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How to roll out perfect piecrust

by Jennifer Armentrout

fromFine Cooking
Issue 88

There’s no denying it: Piecrusts are one of the hardest things for a home cook to master. When it comes to rolling them out, experience counts for a lot, but good techniques are crucial, too. Here are some of our best pointers for rolling out lovely, even rounds of dough.

Start with dough at the right temperature

If it’s too warm and soft, it’ll stick like crazy to the rolling pin and the work surface, forcing you to add too much flour as you work it. Dough that’s too cold and hard resists rolling and cracks if you try to force it. Press the dough lightly to check its rolling readiness— your fingertips should leave an imprint but shouldn’t easily sink into the dough.

Roll around the clock

Start with the rolling pin in the center of your dough disk. Roll toward 12 o’clock, easing up on the pressure as you near the edge (this keeps the edge from getting too thin). Pick up the pin and return it to center. Roll toward 6 o’clock, as shown at right. Repeat this motion toward 3 and then 9 o’clock, always easing up the pressure near the edges and then picking up the pin rather than rolling it back to center. Continue to roll around the clock, aiming for different “times” (like 1, 7, 4, 10) on each round.

Turn the dough and check often for sticking. After each round of the clock, run a bench knife underneath the dough (below left), to make sure it’s not sticking, and reflour the surface if necessary. When you do this, give the dough a quarter turn—most people inevitably use uneven pressure when rolling in one direction versus another, so the occasional turn helps average it out for a more even thickness. Continue to turn and roll until the dough is the right width and thickness (below right).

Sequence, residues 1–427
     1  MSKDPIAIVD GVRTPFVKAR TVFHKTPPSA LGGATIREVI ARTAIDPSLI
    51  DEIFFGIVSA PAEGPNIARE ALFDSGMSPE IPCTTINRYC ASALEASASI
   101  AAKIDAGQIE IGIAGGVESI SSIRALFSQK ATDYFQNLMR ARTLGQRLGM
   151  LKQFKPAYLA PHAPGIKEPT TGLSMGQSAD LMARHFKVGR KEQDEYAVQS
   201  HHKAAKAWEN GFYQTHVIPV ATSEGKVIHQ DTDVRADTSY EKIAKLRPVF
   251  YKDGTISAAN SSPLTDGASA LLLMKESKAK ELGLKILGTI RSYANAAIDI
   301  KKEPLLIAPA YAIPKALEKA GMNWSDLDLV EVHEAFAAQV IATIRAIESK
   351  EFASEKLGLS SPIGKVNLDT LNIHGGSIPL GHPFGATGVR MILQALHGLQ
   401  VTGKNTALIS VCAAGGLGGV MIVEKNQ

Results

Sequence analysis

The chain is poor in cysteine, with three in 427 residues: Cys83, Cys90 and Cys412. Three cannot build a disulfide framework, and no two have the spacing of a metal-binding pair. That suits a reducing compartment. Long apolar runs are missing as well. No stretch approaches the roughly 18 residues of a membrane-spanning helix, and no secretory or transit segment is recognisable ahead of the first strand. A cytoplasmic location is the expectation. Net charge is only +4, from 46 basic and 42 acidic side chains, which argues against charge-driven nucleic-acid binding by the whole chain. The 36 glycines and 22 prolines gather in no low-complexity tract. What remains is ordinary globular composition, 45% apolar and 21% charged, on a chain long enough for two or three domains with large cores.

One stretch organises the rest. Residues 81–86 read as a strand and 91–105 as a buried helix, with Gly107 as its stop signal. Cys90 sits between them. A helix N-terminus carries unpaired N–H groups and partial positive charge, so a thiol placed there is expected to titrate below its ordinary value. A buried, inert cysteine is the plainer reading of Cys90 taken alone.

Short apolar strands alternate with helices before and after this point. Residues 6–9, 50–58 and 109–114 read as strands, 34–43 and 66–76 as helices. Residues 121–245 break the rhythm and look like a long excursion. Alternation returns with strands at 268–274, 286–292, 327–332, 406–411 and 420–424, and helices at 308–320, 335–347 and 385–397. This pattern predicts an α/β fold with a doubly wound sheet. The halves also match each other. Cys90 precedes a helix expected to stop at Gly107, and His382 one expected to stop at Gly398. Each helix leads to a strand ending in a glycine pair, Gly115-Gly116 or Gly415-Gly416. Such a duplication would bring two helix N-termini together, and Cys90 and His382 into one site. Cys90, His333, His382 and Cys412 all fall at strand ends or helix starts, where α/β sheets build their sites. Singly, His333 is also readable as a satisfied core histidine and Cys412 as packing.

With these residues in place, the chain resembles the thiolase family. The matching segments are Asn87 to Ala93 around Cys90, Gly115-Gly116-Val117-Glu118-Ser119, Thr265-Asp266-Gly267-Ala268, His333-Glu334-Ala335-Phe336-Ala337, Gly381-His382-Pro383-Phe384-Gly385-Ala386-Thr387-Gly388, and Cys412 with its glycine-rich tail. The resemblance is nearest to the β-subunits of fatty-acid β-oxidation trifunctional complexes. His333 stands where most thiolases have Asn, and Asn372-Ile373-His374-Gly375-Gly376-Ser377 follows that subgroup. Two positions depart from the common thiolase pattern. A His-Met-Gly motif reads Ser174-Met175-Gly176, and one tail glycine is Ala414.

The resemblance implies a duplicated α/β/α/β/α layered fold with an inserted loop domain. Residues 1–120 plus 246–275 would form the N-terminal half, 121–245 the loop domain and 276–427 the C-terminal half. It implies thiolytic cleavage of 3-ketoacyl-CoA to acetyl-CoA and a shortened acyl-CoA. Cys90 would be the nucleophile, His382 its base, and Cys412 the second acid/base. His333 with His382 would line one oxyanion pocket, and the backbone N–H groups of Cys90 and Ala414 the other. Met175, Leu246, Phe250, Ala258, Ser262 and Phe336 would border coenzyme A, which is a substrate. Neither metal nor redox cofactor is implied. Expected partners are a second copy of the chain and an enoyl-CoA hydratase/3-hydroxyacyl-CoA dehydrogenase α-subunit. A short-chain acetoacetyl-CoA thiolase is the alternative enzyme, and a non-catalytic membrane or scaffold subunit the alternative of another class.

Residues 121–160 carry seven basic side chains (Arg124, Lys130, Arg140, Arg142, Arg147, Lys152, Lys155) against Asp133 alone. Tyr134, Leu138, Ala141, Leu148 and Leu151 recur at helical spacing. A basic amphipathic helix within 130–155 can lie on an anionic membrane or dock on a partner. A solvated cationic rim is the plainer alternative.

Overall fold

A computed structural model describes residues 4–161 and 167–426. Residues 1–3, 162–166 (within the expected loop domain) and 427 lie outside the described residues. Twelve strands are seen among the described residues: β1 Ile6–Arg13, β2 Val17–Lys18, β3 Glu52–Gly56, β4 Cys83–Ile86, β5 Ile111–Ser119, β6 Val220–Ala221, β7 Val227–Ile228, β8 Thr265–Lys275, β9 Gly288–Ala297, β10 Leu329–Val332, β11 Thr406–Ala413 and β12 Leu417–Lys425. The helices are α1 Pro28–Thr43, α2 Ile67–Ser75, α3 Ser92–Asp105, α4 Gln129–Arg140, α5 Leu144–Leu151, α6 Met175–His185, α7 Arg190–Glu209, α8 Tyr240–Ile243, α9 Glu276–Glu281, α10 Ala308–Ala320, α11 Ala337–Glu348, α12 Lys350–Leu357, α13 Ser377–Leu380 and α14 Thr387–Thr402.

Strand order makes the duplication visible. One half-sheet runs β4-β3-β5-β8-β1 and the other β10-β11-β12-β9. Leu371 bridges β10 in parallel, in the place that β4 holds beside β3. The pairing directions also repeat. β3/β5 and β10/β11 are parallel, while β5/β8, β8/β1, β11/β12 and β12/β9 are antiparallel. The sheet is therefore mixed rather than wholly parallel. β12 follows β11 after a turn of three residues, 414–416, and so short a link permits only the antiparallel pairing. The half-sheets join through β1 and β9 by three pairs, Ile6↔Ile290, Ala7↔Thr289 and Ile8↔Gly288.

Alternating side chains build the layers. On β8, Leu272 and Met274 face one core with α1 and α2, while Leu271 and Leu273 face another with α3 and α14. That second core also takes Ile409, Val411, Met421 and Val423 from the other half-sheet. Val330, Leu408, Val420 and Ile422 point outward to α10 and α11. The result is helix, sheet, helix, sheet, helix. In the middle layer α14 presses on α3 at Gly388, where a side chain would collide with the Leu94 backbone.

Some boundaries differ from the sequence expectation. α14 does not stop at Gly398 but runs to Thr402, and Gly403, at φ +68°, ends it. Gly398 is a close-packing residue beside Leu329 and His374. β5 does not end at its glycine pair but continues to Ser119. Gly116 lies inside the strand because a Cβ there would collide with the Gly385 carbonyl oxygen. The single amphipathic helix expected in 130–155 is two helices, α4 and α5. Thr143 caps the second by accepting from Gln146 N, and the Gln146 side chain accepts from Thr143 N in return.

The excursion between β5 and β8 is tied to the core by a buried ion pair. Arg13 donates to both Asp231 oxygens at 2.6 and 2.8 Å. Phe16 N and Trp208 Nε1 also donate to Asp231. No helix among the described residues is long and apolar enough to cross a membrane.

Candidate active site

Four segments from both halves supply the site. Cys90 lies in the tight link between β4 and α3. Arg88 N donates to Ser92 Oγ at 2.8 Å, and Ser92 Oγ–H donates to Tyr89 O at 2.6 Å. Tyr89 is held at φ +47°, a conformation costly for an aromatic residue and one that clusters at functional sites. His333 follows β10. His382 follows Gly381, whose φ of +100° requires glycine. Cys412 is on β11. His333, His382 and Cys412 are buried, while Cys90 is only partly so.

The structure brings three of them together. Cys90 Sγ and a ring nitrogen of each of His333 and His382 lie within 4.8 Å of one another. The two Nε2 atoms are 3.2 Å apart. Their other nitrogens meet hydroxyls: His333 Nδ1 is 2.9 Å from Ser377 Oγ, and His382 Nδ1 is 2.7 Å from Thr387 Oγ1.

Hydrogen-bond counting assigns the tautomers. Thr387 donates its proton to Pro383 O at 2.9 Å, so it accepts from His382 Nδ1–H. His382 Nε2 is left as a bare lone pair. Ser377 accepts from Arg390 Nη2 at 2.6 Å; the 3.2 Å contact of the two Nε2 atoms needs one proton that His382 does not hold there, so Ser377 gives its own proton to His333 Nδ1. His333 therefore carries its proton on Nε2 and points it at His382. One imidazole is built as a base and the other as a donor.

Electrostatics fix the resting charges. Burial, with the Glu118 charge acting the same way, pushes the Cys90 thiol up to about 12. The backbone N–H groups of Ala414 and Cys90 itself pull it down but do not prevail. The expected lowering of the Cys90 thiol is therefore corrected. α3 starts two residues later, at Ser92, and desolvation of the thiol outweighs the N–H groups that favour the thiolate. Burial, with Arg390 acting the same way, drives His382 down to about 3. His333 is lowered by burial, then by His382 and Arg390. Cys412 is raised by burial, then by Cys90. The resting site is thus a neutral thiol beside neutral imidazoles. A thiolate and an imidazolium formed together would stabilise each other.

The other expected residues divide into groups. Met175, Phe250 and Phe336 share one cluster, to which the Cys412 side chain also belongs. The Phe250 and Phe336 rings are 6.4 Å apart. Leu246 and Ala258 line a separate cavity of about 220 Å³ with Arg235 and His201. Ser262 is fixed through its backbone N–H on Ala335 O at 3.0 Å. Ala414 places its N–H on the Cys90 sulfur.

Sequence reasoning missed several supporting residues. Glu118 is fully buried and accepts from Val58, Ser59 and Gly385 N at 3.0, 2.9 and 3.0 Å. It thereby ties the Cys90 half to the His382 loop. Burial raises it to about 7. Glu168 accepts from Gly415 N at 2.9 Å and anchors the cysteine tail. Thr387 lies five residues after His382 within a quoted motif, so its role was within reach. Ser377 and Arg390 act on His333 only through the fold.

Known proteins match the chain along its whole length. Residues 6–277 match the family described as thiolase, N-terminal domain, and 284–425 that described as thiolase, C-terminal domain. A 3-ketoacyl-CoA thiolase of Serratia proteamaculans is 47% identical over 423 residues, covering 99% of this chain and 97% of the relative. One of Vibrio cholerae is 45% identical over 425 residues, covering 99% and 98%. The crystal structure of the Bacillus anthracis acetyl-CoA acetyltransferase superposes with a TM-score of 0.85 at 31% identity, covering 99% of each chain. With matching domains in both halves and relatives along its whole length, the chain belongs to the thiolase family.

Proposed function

Go easy on the flour

Even dough that’s at the perfect temperature needs a little extra flour to keep it from sticking, but try not to use more than you really need—the more extra flour you work into the dough as you roll it, the drier and tougher the crust will be.

Try an alternative rolling surface

Beyond the usual lightly floured countertop, other options for rolling surfaces include a pastry cloth (our current favorite, shown in the photos above, especially when paired with a cloth rolling pin cover), a silicone rolling mat (brand name Roul’Pat, available online at DemarleUSA.com), and sheets of parchment, waxed paper, or plastic wrap. Choose whichever one you like best.

Use the fewest possible passes of the rolling pin

Overworked dough equals tough crust, so the less you have to work it during rolling, the better.

Photos: Scott Phillips

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